EMLA Cream (lidocaine 2.5% and prilocaine 2.5%) is an emulsion in which the oil phase is a eutectic mixture of lidocaine and prilocaine. It is a numbing cream that can be placed on skin to provide pain relief. It is often used to numb an area before placing an IV, drawing blood, or giving injections. Typical stability study is conducted by the assay of active pharmaceutical ingredient (API) in the drug product. However, the assay results may not indicate drug product’s penetration rate similarity between different products over a certain period of time frame because of the differences in its topical product qualities (such as rheology, particle size, excipients, penetration enhancers, etc.). Therefore, it is important to evaluate the penetration of compounds into human skin during drug product stability study. In vitro human cadaver skin model using Franz diffusion cells (invented in 1975) is widely regarded as the most valid in vitro model for evaluating the penetration of compounds into human skin. It can be used to determine the product equivalence. 3585

Stability Study for EMLA Cream Using In Vitro Percutaneous Absorption “IVPT”

EMLA Cream (lidocaine 2.5% and prilocaine 2.5%) is an emulsion in which the oil phase is a eutectic mixture of lidocaine and prilocaine. It is a numbing cream that can be placed on skin to provide pain relief. It is often used to numb an area before placing an IV, drawing blood, or giving injections.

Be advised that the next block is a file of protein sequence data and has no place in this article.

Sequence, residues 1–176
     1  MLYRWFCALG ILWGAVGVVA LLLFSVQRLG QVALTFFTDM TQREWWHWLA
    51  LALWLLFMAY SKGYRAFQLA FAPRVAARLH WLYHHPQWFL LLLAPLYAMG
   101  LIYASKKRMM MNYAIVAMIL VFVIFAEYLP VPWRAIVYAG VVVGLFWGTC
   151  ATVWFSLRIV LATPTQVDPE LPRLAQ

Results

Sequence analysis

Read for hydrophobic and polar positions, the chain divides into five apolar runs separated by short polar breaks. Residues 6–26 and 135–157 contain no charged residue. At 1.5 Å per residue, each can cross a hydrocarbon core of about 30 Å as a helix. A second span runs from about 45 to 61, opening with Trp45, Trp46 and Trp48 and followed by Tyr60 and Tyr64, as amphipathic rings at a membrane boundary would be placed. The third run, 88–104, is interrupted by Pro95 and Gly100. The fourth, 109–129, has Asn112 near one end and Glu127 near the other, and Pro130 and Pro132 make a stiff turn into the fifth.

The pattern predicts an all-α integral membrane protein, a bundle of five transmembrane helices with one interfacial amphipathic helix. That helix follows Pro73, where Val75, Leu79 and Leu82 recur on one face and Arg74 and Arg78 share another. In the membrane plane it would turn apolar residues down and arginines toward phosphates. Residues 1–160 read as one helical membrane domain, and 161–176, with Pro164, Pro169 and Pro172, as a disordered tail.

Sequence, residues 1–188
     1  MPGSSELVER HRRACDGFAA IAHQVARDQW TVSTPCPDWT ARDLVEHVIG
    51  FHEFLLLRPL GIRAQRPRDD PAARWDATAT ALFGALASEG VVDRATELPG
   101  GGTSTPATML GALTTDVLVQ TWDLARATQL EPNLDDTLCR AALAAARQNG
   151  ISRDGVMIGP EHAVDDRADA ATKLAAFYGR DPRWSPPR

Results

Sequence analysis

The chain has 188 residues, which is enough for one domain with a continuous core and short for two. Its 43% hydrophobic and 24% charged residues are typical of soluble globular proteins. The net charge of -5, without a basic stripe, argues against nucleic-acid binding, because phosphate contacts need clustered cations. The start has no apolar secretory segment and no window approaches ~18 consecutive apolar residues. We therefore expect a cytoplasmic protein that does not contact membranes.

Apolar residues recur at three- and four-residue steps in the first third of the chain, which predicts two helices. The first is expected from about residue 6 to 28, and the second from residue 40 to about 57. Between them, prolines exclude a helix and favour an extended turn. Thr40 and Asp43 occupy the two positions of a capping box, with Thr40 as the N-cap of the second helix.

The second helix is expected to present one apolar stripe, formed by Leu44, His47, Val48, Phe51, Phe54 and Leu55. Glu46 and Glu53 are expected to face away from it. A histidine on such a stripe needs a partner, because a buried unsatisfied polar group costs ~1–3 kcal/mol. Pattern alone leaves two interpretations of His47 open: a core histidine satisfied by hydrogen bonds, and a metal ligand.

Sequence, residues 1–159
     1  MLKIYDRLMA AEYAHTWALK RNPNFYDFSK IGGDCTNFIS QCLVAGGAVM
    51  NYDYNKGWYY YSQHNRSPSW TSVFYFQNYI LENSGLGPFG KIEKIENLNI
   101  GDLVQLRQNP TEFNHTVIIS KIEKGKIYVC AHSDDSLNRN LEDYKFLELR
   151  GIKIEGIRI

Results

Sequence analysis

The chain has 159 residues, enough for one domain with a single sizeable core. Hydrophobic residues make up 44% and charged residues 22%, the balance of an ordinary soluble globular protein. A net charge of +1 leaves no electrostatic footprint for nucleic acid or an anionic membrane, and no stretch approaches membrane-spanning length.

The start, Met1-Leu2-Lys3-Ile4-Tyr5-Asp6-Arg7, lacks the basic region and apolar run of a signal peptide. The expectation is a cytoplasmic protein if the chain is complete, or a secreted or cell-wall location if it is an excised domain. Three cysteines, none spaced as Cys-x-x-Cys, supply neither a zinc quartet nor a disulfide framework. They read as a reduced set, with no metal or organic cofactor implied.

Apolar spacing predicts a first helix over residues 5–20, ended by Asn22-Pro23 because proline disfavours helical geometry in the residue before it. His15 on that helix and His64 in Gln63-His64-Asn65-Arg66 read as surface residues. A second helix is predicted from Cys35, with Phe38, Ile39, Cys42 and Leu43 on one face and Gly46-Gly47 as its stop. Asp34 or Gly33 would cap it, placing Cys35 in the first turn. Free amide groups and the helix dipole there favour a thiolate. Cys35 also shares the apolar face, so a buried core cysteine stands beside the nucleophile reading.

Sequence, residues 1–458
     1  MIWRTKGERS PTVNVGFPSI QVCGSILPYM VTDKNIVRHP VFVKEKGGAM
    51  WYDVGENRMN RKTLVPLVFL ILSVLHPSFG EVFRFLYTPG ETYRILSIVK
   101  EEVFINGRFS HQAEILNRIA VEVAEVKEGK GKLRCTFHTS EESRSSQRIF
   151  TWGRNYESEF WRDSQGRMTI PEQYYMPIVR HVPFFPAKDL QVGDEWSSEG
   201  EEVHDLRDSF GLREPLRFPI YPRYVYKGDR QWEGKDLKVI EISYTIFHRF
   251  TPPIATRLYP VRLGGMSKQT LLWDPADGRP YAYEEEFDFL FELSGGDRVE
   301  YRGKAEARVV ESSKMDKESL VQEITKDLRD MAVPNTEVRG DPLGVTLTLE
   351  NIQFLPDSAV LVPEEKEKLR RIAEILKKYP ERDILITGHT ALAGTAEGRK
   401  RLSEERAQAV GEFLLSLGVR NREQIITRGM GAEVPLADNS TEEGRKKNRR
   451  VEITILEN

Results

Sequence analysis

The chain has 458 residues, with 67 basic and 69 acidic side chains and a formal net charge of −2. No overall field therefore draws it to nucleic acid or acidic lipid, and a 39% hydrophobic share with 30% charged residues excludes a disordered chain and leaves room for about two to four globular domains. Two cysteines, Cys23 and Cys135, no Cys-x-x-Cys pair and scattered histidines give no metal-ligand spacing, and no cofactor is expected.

Typical stability study is conducted by the assay of active pharmaceutical ingredient (API) in the drug product. However, the assay results may not indicate drug product’s penetration rate similarity between different products over a certain period of time frame because of the differences in its topical product qualities (such as rheology, particle size, excipients, penetration enhancers, etc.). Therefore, it is important to evaluate the penetration of compounds into human skin during drug product stability study.
In vitro human cadaver skin model using Franz diffusion cells (invented in 1975) is widely regarded as the most valid in vitro model for evaluating the penetration of compounds into human skin. It can be used to determine the product equivalence.